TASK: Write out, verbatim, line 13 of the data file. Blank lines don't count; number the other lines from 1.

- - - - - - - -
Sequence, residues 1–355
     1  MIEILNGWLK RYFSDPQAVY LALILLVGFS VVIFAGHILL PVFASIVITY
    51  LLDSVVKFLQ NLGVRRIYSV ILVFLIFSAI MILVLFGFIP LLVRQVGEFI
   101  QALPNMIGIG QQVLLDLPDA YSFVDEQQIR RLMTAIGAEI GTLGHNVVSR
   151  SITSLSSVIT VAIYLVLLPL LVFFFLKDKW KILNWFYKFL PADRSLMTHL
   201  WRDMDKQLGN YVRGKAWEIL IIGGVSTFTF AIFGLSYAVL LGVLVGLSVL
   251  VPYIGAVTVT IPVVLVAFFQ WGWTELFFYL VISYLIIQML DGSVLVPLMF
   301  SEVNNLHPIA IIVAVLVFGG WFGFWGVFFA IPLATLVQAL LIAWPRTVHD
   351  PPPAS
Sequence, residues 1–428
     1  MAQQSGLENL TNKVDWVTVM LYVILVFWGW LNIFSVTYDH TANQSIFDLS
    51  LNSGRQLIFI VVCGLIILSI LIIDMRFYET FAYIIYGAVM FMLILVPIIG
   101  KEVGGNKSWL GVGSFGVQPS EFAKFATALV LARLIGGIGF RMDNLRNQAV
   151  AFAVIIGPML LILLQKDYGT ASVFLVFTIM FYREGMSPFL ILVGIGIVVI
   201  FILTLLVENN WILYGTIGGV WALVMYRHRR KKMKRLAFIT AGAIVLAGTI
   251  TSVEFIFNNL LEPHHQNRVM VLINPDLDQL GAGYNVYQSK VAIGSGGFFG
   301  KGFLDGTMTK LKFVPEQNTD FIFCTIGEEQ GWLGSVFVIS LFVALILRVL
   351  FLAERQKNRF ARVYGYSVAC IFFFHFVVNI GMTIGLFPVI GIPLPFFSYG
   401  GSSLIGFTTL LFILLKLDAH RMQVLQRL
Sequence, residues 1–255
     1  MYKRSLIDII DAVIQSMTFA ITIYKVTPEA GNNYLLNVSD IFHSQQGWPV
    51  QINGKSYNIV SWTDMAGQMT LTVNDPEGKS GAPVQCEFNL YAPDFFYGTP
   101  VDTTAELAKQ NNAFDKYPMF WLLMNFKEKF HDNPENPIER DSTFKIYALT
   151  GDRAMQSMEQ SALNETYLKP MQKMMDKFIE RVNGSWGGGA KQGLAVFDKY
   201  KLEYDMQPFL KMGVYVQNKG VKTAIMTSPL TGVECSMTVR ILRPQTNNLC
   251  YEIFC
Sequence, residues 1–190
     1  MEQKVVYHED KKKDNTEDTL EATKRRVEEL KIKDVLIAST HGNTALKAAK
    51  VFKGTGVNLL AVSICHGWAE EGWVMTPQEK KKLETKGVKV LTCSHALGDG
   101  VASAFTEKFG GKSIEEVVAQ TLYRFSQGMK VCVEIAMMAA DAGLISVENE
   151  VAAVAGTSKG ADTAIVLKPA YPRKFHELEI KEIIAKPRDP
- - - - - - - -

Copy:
   101  KEVGGNKSWL GVGSFGVQPS EFAKFATALV LARLIGGIGF RMDNLRNQAV